Snake Love Story: 'Slither' at Hollywood Forever Cemetery

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Amy Ellenberger and Tobie Windham in 'Slither' (photo by Jeff Galfer).

Carson Kreitzer's snake-centric love story, Slither, is currently playing at the Masonic Lodge inside of Hollywood Forever Cemetery. Kreitzer's script depicts five generations of empowered women, from biblical Eve to a modern day Christian snake cult member, connected to one another through blood and snake handling. True to their mission—presenting theatre in unconventional spaces—this Chalk Repertory (Chalk Rep) production takes place within a stately sacred space within the Masonic Lodge that previously was not open for women to enter. Slither features intriguing plot twists, charismatic performers, and an alchemistic take on theatrical space.

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Inger Tudor in 'Slither' (photo by Jeff Galfer).
Slither opens with a meditative monologue by Inger Tudor in the role of biblical Eve. The willowy and graceful Tudor lends a contemplative and transcendental mystique to Eve that is refreshing and easy to bask in. Amy Ellenberger plays the central character of Fanny Lou. Ellenberger is engaging and coquettish as a strong-willed matriarchal snake charmer, infusing the character with constant warmth and brightness. Teri Reeves is Evie, a young woman struggling to find meaning in her own existence. Reeves skillfully pits conflicting emotions and traits against each other, giving Evie depth and reserved purpose.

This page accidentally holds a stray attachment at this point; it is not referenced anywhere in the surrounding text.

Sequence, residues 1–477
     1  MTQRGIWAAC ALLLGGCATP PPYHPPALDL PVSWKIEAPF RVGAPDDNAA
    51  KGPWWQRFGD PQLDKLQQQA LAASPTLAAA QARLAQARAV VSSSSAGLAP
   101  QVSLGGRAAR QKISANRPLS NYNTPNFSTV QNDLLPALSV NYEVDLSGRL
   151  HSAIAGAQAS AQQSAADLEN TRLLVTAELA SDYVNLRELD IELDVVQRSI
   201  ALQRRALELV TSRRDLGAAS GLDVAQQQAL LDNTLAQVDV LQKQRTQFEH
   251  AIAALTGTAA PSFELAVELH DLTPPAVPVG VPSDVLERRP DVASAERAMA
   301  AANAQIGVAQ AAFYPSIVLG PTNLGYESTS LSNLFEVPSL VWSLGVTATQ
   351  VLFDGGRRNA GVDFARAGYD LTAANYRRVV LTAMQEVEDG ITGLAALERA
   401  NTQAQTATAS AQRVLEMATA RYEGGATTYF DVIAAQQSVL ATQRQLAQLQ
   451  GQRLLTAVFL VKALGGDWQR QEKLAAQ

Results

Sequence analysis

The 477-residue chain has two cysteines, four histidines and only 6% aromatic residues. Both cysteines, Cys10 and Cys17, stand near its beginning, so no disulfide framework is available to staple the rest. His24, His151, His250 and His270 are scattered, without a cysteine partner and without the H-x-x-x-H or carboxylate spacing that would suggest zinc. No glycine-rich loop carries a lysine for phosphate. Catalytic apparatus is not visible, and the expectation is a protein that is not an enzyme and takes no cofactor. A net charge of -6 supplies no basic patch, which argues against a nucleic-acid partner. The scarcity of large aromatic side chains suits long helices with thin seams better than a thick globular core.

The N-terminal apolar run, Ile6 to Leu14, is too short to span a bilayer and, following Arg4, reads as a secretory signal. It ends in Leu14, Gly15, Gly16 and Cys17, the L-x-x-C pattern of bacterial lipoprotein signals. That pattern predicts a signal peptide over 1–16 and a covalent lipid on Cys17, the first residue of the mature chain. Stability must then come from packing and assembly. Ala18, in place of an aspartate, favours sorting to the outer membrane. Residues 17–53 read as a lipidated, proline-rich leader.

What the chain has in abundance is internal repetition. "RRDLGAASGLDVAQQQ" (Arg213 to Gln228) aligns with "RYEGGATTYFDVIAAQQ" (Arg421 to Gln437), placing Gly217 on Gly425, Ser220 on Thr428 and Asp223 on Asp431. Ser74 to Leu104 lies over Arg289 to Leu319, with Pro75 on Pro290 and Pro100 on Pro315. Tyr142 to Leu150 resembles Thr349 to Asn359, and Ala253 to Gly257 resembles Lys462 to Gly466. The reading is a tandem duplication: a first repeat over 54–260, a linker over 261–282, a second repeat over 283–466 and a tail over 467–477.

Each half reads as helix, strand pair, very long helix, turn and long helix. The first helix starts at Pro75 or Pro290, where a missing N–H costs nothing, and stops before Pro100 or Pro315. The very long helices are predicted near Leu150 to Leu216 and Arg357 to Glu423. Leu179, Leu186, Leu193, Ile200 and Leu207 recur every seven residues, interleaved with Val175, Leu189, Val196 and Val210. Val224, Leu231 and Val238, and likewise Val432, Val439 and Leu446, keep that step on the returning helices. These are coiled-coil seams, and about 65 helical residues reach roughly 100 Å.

Lina Patel plays numerous parts in Slither. As Aevah, a priestess in an ancient snake, Patel is appropriately dark and mysterious, with just a touch of somber, attention-grabbing creepiness. Patel also plays Lee, a small but crucial role that she imbues with authenticity and realism. Tobie Windham plays two roles—Adam, an over-the-top romantic married to Fanny, and also, toward the end of the play, biblical Adam, a paradigm that really shows his range as an actor. Windham is animated and full of energetic cheer as the less ancient Adam, while his portrayal of biblical Adam is steeped with savory thoughtfulness and empathy.

Finally, Brian Slaten plays all of the Slither bad guys, but predominantly is seen on stage as Harlan. Slaten captures the essence of Harlan's Bible-thumping and wife-beating persona through effectively frightening and grim backwoods machismo.

Kreizer's writing is at times, but not always, just a little bit too trite and self-satisfied, and certainly goes a bit overboard with romantic notions. Casey Stangl easily overcomes this through invigorating direction, wide use of the performance space, and by fostering a highly voyeuristic atmosphere to summon the audience. Set design by Tom Ontiverso ranges from simple to lush, but his lighting design is excellent, and often culls eerie intimacy. Lastly, an original sound track by Michael Shapiro and Jamieson Trotter, lends multitudes to the overall enigmatic ambience of Slither.

Slither is playing at the Masonic Lodge inside of Hollywood Forever Cemetery through March 4. Tickets are $25 and available online.